A "bathroom bill" to regulate the restroom choice of transgender people has failed in South Dakota. So has a bill that would have required high school athletes to play on a sports team according to their sex at birth, not their gender identity.
But it is a new year and a new legislative session, and a group of South Dakota lawmakers is trying to pass a new restriction on transgender teenagers that the lawmakers say would prevent unnecessary medical procedures.
The proposed law, which is expected to go up for a vote in the state's House of Representatives on Monday, would bar doctors from prescribing hormones or puberty-blocking medication or performing transgender surgeries on anyone younger than 16.
The bill has strong support from social conservatives in the Republican-controlled Legislature, who believe it would enforce a common-sense view: that transgender youths younger than 16 are too young to begin taking medication or hormones.
But rural libertarians, Democrats, transgender people and the medical community have lined up against it, saying that it would harm transgender teenagers who greatly benefit from those treatments, particularly puberty blockers. Doctors have been particularly appalled; they could face criminal charges and jail time for violating the new law, should it pass the Legislature and be signed by Gov. Kristi Noem, a Republican who has expressed concerns about it.
"I've heard 'It interferes with parental rights,' and that 'doctor knows best,' " said Rep. Lee Qualm, a Republican who is the House majority leader and a sponsor of the bill. "I understand people can go a lot of ways on this."
Of his constituents who have e-mailed him, he said, "It's almost a 50-50 split."
• What's behind the bill?
Rep. Fred Deutsch, who introduced the bill, said he got the idea when he was surfing the internet last year. He said he had heard about people in other states who regretted transitioning from one gender to another, and he wondered whether such treatments were offered in his state.
"I googled 'transgender medicine South Dakota' and I found a handful of doctors, not many, that do the procedures," said Deutsch, who also introduced the bathroom bill in 2016. "And that's the genesis of the concept of this bill."
Deutsch, a chiropractor, said he had received input on the legislation from the Kelsey Coalition, a parent group that opposes hormone treatment for transgender children, and the Alliance Defending Freedom, a conservative group based in Scottsdale, Ariz., whose leaders declined an interview request, as well as other groups. "This bill came out of that feeling of: We need to protect our children," he said, comparing the legislation to a "pause button." "When you turn 16 you can do whatever you want. But by golly, can't you just wait before you take these drugs?"
• The bill contradicts medical best practices.
It is relatively uncommon for teenagers in South Dakota to undergo gender-affirming surgery, such as mastectomies for transgender boys, because most medical professionals advise waiting until adulthood for permanent procedures. The bill would affect far more teenagers who are prescribed puberty blockers, injections or implants that are frequently administered to children who are experiencing gender dysphoria as a way to pause the process of puberty. But those treatments worry advocates of the bill, who say they are concerned that children are not old enough to decide whether they want to delay puberty.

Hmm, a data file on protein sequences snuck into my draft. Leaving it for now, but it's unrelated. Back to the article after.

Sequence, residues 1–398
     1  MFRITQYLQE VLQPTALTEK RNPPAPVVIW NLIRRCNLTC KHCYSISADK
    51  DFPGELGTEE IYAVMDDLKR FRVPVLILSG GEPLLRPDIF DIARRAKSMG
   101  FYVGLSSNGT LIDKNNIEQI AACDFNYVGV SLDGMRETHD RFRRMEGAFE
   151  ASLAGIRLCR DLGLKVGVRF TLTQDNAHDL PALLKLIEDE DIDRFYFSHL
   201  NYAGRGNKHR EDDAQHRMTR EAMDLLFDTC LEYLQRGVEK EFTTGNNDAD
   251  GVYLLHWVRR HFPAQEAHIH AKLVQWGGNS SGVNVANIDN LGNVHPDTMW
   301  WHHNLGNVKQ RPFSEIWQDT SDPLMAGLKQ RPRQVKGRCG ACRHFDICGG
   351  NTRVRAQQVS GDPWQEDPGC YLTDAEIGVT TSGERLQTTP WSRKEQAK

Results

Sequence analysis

Medical professionals said the medicines could be lifesaving, helping to diminish anxiety, depression and suicidal behavior. For many transgender teenagers, the development of their bodies during puberty can deepen their psychological stress.
"They're not using actual evidence," said Dr. Alexis Chávez, a psychiatrist who is the medical director for the Trevor Project, a national organization focused on preventing suicide among lesbian, gay, bisexual and transgender youths. "They're not using the research. They're not listening to any health care providers. And they're advancing something that's very dangerous to make a statement."
• South Dakota tests lots of conservative legislation.
South Dakota, where Republicans have full control of state government, has become a proving ground for conservative legislation on issues such as abortion, gun rights and, in recent years, transgender rights. One reason the state is appealing for such experimentation: Every bill introduced in South Dakota is guaranteed a public hearing.
If an issue survives in South Dakota, that can make it easier for conservative groups to pitch a policy to lawmakers in other states. This year, bills restricting medical care for transgender children have also been introduced in Colorado, Florida, Missouri and South Carolina, though none have advanced out of committee.
"Once you pass one of these bills somewhere, it gets a heck of a lot easier to pass them somewhere else," said Libby Skarin, policy director for the American Civil Liberties Union of South Dakota.
• The effort faces an uncertain path forward.
Samson Mettler, a 22-year-old college student in Sioux Falls who is transgender, said he was dismayed to hear about the bill.
"It's just a constant fight," he said. "That's a hard thing."
Andrew C., 17, a transgender boy who lives in a small town near Sioux Falls, said, "I was like, 'They can't be doing this stuff again.' The legislators, they don't understand the people that it could affect."